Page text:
Nov 27 2018
Public Safety

Verizon Launches 5G Lab for First Responders

In 2019, the lab will give 15 different innovators the tools they need to develop public safety solutions using 5G wireless networks.

Wireless carriers have started to deploy 5G wireless networks and will continue to do so in pockets throughout 2019 as they move to broadly cover the country over the new few years. Verizon is aiming to use 5G to help not just consumers but first responders as well

Earlier this month, the company announced a partnership with Responder Corp to create a 5G First Responder Lab. The lab will serve as an incubator and testing ground for innovative technologies that use 5G and can be deployed for public safety use cases. Verizon says that it will then “deliver those solutions to public safety agencies throughout the country.”

Rival AT&T has drawn a significant amount of attention for its role in building FirstNet, the nationwide, interoperable public safety broadband network overseen by the First Responder Network Authority, an independent agency within the U.S. Department of Commerce. 

The lab signifies that Verizon intends to take a leadership role in the deployment of 5G for first responders and will also serve as a window into how public safety technology will evolve in the years ahead. The fifth generation of cellular technology promises to deliver speeds 10 times faster than 4G LTE and cut latency to milliseconds. 

“First responders should have the absolute best, most effective technologies available to them as they protect our communities and respond to emergencies large and small,” said Toby Redshaw, Verizon’s senior vice president of strategy, innovation and product development, in a press release. “Our 5G First Responder Lab will give technology innovators the opportunity to develop applications and use cases that leverage the unique capabilities of 5G, and to bring those solutions to market more quickly.”

MORE FROM STATETECH: Find out how 5G networks will impact smart cities. 

Verizon Invites Innovators to Test Out 5G for Public Safety

The lab is located in a space owned by Alley, a membership community for entrepreneurs with locations in multiple states, all of which use Verizon’s 5G network, Government Technology notes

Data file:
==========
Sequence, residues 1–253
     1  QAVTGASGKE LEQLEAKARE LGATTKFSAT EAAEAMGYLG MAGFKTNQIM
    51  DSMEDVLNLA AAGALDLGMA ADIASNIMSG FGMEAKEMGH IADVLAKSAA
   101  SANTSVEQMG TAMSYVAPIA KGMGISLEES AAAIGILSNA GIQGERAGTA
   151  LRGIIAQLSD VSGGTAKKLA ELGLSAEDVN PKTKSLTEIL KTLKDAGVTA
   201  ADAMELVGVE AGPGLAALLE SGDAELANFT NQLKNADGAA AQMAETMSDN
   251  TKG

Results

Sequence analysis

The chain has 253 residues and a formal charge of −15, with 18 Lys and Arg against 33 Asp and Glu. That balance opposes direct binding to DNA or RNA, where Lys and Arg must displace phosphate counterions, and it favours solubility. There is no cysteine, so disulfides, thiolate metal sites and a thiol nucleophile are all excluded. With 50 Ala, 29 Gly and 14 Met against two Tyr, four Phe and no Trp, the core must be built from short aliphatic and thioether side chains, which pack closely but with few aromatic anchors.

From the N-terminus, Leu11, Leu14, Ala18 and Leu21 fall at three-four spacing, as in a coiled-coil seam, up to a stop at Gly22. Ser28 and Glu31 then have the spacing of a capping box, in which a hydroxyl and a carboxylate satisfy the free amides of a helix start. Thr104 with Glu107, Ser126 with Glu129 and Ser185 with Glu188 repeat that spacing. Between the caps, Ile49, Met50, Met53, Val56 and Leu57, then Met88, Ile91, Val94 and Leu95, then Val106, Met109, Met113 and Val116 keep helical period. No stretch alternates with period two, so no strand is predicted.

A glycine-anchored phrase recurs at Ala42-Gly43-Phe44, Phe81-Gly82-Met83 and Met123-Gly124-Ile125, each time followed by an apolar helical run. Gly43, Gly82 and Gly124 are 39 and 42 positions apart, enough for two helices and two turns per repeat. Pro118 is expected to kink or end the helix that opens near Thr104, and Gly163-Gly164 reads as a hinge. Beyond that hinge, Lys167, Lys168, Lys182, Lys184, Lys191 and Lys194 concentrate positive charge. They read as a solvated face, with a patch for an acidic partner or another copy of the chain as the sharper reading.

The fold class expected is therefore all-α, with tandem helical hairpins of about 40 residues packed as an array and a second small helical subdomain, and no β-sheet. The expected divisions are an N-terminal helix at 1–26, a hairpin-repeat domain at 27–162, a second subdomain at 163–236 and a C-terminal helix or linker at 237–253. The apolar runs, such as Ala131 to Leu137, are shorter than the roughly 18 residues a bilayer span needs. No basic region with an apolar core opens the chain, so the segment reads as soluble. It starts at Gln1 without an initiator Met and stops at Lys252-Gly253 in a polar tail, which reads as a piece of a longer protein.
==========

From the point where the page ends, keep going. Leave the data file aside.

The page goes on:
According to Verizon, the lab will bring together a total of 15 innovators in three separate cohorts to develop public safety solutions over a one-year period. Each three-month cohort will give five first responder technology developers access to the lab and its 5G network. The entities testing their technology will also have the opportunity to collaborate with Verizon and Responder Corp on 5G use case testing, insight creation and go-to-market strategies. Applications are open now through Dec. 31, 2018, for the first cohort at the lab. 

The lab’s website lists several uses that are likely going to be of interest and be accepted into the lab program, including critical communications, indoor location and situational awareness, virtual reality, drones and robotics, predictive analytics and artificial intelligence and machine learning.

“Verizon and ResponderXLabs are committed to delivering those vital capabilities as soon as possible,” the lab’s website states. “5G First Responder Lab will help deliver that commitment by working alongside boots-on-the-ground to identify the most pressing needs, and the global entrepreneurial community to source the leading solutions.” 

As Lindsay Notwell, senior vice president of 5G strategy and global carrier operations at Cradlepoint, notes in StateTech, there are numerous potential use cases for 5G in public safety.

“With gigabit LTE and 5G capabilities, police will be able to take advantage of advancements in facial recognition without major hardware upgrades and improve the accuracy of tools used to read the license plates of cars in motion,” Notwell says.

Another area Notwell highlights is that 5G networks will serve as the backbone for a much wider deployment of Internet of Things sensors. 

“We can expect to see a major uptick in IoT device adoption for first responders as new sensor-based tools become available,” Notwell says. “For example, an IoT sensor might be employed in a police vehicle to alert headquarters when a shotgun is pulled from a squad car rack. The sensors will alert operations that the weapon has been put into use and allow operations to tap into the cameras to see what’s happening.”

5G networks are also expected to enable first responders to cut down on trips back to stations and headquarters and do more from the field. “But with 5G and IoT, officers will be able to include larger audio and higher-resolution video files in their reports,” Notwell adds. 

“Moreover, information in reports will be accessible for official queries from anywhere in the country. Descriptions, patterns and behaviors will be more easily cross-referenced and used by other agencies.”


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